A security researcher has released a tool that allows hackers to hijack accounts on sites that use Facebook logins.
The tool is called Reconnect, and was developed by Egor Homakov, a researcher with security auditing firm Sakurity. Reconnect works by exploiting cross-site request forgery (CSRF) issues impacting Facebook Login, which enables users to log-in to third-party websites via their Facebook accounts.
Essentially, the attack works by creating a link that when clicked on logs the victim out of their legitimate account and into a Facebook account under the control of the attacker. The attack connects the Facebook account of the attacker to the victim account on the third-party site, allowing the attacker to log into that account directly and change information such as email addresses, passwords and so on.
“RECONNECT is a ready to use tool to hijack accounts on websites with Facebook Login, for example Booking.com, Bit.ly, About.me, Stumbleupon, Angel.co, Mashable.com, Vimeo and many others,” blogged Homakov. “Feel free to copy and modify its source code. Facebook refused to fix this issue one year ago, unfortunately it’s time to take it to the next level and give blackhats this simple tool.
“This bug abuses triple-CSRFs at once: CSRF on logout, CSRF on login and CSRF on account connection,” he wrote. “#1 and #2 can be fixed by Facebook, #3 must be fixed by website owners. But in theory all of these features must be protected from CSRF.”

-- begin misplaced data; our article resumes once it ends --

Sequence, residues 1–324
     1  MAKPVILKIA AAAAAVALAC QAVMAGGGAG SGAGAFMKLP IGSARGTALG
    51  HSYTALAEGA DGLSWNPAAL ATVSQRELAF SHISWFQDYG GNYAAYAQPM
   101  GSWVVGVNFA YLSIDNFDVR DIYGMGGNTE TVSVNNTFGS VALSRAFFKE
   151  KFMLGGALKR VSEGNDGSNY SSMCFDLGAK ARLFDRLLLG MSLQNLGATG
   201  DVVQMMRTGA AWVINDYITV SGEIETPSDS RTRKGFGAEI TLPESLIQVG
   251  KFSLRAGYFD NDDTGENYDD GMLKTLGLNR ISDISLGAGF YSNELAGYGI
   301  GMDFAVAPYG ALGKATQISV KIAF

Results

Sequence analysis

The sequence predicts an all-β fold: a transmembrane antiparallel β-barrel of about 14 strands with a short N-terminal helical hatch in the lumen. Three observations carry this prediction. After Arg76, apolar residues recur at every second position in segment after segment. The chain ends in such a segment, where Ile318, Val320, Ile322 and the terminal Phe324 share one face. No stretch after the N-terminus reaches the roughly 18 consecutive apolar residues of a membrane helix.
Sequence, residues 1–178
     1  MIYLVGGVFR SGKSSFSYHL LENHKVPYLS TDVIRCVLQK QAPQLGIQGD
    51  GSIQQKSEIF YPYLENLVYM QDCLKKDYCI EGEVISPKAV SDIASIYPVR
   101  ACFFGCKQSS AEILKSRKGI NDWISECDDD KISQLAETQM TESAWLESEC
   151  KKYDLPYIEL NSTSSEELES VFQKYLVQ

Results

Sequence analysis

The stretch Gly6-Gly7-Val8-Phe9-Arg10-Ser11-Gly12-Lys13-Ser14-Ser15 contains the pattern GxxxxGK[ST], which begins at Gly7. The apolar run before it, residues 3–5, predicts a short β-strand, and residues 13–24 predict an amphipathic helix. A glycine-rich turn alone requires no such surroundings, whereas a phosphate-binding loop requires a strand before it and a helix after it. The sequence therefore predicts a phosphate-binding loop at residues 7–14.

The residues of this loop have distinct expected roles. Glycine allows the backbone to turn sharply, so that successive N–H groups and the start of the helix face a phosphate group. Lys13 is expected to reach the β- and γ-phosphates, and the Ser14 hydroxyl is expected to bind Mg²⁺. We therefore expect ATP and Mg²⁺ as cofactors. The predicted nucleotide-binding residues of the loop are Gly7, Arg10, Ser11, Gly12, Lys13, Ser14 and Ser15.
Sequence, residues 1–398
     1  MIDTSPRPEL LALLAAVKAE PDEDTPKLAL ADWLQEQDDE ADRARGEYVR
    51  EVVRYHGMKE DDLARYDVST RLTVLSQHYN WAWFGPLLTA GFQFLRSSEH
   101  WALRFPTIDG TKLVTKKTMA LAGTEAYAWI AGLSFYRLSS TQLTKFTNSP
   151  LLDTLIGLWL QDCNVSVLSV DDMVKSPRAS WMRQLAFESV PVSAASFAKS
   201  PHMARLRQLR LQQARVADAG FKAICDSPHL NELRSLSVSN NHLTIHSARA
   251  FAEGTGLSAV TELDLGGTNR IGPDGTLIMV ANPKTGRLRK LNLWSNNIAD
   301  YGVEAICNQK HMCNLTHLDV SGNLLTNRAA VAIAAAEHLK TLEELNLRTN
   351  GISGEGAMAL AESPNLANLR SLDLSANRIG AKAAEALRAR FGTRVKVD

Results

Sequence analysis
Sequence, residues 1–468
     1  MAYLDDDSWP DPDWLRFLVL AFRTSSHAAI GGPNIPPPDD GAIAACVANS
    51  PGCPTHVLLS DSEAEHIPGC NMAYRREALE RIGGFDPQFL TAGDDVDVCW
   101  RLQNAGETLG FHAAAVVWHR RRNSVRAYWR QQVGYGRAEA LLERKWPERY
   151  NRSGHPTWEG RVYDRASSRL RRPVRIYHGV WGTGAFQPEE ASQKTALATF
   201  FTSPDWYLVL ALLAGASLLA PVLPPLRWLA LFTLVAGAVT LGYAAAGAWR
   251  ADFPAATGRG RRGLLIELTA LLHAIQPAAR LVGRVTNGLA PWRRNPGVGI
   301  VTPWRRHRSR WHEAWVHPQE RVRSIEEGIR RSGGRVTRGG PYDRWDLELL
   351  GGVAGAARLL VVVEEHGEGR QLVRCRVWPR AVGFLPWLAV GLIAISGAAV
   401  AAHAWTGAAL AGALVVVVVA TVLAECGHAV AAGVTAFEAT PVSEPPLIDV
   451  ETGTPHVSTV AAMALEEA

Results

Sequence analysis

Facebook has provided guidance to developers that can help with the situation, and decided not to fix the issue after balancing flexibility for developers with concerns about security. Instead, Facebook tried to make it more difficult to exploit.
A Facebook spokesperson told SecurityWeek that site developers using Login can prevent this issue by following the social network’s best practices and using the ‘state’ parameter we provide for OAuth Login.
“We’ve also implemented several changes to help prevent login CSRF and are evaluating others while aiming to preserve necessary functionality for a large number of sites that rely upon Facebook Login,” the spokesperson noted.
“This is indeed a very big issue as many popular websites use Facebook’s delegated identification, so a widespread exploit could wreak a lot of havoc,” said Branden Spikes, CEO of Spikes Security.